Storytelling in Salman Rushdie’s ‘Midnight’s Children’

I was born in the city of Bombay…once upon a time

Being an Arab, the modes of oral storytelling and the tales of a 1,001 Nights, are concepts I am familiar with. Even though Midnight’s Children relies heavily on the history of India, I found the elements of oral storytelling and magical realism in Rushdie’s novel, captivating. While reading the novel, I realised how Rushdie used the oral tradition of storytelling and magical realism to counter the dominant narratives in India during the State of Emergency in 1975.

Integrating Scheherazade’s 1,001 Nights style of storytelling and magical realism, the protagonist, Saleem, helps his readers understand the importance of storytelling in a nation where dominant narratives are not representative of everyone’s experiences and perspectives on war.

Saleem was born in India on its independence day from colonial Britain on August 15th 1947. He describes his life as ‘mysteriously handcuffed to history’. He says, ‘my destinies indissolubly chained to those of my country’ (3). Keen on telling his story throughout his 31 years to pass down to his posterity, he likens himself to Scheherazade from 1,001 Nights.

He says, ‘Nor can I count on having even a thousand nights and a night. I must work fast, faster, than Scheherazade, if I am to end up meaning’ (4). Since Saleem’s body is starting to deteriorate and ‘crack’, he decides to tell his story despite his fragmented memory and inaccurate record of dates to inform his posterity of his story.

Saleem talks about memory and truth and explains that ‘memory has its own special kind (of truth)’. He emphasises memory’s flaws by saying that it ‘selects, eliminates, alters, exaggerates, minimizes, glorifies, and vilifies also; but in the end it creates its own reality, its heterogeneous but coherent version of events’. (292) Moreover, Saleem doesn’t plan on chronologically describing the events in India. Instead, he aims to describe his ‘memory’s truth’ (292) that also acts as a counter-narrative to the dominant narratives dictated by Indira’s government in 1975. Indira’s government views India as a homogenous nation. Their famous line stating ‘Indira is India and India is Indira (587) resonates with Saleem. Magical realism in the novel counters this sentence by describing India’s homogeneity, by using the Midnight Children as a crucial element in countering dominant narratives.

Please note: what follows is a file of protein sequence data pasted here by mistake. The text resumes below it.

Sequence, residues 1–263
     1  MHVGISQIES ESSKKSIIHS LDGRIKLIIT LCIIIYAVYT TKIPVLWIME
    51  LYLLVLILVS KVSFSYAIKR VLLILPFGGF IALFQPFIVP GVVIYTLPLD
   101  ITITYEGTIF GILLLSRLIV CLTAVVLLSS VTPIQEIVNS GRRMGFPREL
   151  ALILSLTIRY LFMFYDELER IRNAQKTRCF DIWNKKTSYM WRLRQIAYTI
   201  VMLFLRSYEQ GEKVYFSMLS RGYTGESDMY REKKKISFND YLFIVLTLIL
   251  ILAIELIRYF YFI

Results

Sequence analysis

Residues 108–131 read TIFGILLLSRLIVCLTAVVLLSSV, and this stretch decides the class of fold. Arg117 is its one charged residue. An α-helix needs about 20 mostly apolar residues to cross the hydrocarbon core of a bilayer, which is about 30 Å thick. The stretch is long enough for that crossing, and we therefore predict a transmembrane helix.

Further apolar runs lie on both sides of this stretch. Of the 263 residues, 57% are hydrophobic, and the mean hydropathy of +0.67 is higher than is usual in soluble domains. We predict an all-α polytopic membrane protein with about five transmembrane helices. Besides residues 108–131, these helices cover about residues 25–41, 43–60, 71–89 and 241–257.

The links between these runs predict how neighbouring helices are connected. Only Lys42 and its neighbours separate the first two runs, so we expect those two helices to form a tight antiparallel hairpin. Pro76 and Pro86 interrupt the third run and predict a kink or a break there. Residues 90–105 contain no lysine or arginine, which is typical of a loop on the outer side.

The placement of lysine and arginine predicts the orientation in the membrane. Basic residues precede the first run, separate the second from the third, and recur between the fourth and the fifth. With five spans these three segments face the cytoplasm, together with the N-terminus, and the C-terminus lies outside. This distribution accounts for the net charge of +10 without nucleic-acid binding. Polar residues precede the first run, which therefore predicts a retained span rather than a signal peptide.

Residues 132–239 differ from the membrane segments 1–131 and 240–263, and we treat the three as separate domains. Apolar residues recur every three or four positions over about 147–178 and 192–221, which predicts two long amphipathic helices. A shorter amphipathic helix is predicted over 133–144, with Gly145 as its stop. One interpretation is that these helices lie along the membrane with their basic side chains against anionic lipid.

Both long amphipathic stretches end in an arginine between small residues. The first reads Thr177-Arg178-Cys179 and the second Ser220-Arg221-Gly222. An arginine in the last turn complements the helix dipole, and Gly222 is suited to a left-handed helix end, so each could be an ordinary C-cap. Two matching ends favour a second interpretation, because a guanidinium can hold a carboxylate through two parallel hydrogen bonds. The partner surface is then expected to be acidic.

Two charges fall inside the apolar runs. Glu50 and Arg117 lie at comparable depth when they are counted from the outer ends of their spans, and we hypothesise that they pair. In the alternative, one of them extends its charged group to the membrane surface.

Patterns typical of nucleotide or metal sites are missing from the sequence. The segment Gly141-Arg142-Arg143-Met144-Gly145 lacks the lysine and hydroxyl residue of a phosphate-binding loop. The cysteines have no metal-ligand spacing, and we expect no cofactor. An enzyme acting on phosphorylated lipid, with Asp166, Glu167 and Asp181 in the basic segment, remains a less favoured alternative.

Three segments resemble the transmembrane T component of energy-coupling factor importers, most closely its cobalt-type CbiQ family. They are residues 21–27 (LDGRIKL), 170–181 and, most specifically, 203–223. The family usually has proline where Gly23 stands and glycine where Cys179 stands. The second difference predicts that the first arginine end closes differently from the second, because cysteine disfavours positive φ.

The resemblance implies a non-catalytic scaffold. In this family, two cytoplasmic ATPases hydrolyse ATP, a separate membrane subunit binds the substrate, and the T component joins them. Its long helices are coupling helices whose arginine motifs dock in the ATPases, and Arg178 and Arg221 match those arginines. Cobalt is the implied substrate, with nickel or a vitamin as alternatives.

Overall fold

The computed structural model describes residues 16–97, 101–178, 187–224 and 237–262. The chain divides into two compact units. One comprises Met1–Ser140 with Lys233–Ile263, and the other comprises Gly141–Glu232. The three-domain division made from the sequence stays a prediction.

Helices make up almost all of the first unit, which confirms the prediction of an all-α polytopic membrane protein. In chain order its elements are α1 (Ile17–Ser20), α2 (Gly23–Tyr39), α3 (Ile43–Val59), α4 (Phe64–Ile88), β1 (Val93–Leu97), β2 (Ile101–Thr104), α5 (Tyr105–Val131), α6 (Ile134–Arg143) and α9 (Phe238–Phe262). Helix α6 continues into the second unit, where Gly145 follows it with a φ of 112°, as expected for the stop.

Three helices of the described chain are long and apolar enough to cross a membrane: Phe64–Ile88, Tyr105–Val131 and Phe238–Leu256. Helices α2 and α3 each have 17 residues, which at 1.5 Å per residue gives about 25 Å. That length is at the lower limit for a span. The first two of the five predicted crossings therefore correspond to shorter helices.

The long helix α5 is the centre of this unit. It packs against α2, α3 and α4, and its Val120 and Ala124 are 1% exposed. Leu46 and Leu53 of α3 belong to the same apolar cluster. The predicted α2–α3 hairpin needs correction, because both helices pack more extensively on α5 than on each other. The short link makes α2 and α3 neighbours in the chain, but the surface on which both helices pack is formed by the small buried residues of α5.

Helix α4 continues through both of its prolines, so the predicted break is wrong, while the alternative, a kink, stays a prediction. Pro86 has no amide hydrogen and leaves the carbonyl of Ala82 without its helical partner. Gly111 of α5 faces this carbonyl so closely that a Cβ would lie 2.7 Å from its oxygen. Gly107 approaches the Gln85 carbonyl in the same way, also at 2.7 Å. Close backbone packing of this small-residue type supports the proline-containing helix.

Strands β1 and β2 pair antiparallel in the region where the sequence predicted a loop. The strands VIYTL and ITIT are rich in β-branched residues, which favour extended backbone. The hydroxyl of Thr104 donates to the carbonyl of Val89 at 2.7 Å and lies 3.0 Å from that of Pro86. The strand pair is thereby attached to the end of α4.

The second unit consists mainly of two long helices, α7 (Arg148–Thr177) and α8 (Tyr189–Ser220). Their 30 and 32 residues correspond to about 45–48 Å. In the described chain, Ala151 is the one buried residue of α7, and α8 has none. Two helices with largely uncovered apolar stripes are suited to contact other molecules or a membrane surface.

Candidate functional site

The novel is named after the 1,001 children born on India’s independence day at midnight. The children possess supernatural powers such as Saleem’s telepathy, Shiva’s powerful and destructive knees, and the powers of other children like teleportation, the ability to change sex, and time travel. The diverse supernatural powers of the children who are scattered all across India, represent its rich diversity. However, one particular child has a stronger effect on Saleem-Shiva.

Shiva and Saleem are switched at birth, which allows Saleem to live an affluent life, while Shiva is subjected to poverty. Saleem and Shiva are counterparts due to their upbringing and magical powers. Saleem is telepathic and encompasses all the Midnight’s Children in his mind since he can speak to all of them and hold conferences with them together. Shiva, on the other hand, is absent from these meetings and instead reinforces the government’s orders to fight for the military. He sends the Midnight Children to be sterilised under Indira’s government in 1975.

Saleem means ‘righteous’ in the Arabic language, whereas Shiva, is named after the Hindu god of destruction. Their names create a parallel which also shadows their involvement with the government. While Saleem strives to create a better India that celebrates its diversity, Shiva fights the children and sends them to be sterilised, ending their bloodline.

Saleem’s telepathic powers give him access to all the voices of the children. While, Shiva reinforces the policies of one homogenous government. This demonstrates how the duality of the two characters can be symbolic of Saleem’s heterogenous India and Indira’s homogenous India.

By incorporating magical realism in this novel, the children’s supernatural powers help draw a parallel between the binaries of multiple narratives and dominant canonical narratives. Therefore, the private events of Saleem are attached to the country’s public events and contrasted to demonstrate how the private events of an individual or a group of people are unrepresented and untold in public history.

Midnight’s Children is a story of India’s history infused with magical realism. However, the component of storytelling despite the flaws and inaccuracy of the narrator’s memory examines the importance of memory and its role in speaking up against dominant historical narratives.

Where turbulent thoughts and structure intersect

Get the Medium app

A button that says 'Download on the App Store', and if clicked it will lead you to the iOS App store
A button that says 'Get it on, Google Play', and if clicked it will lead you to the Google Play store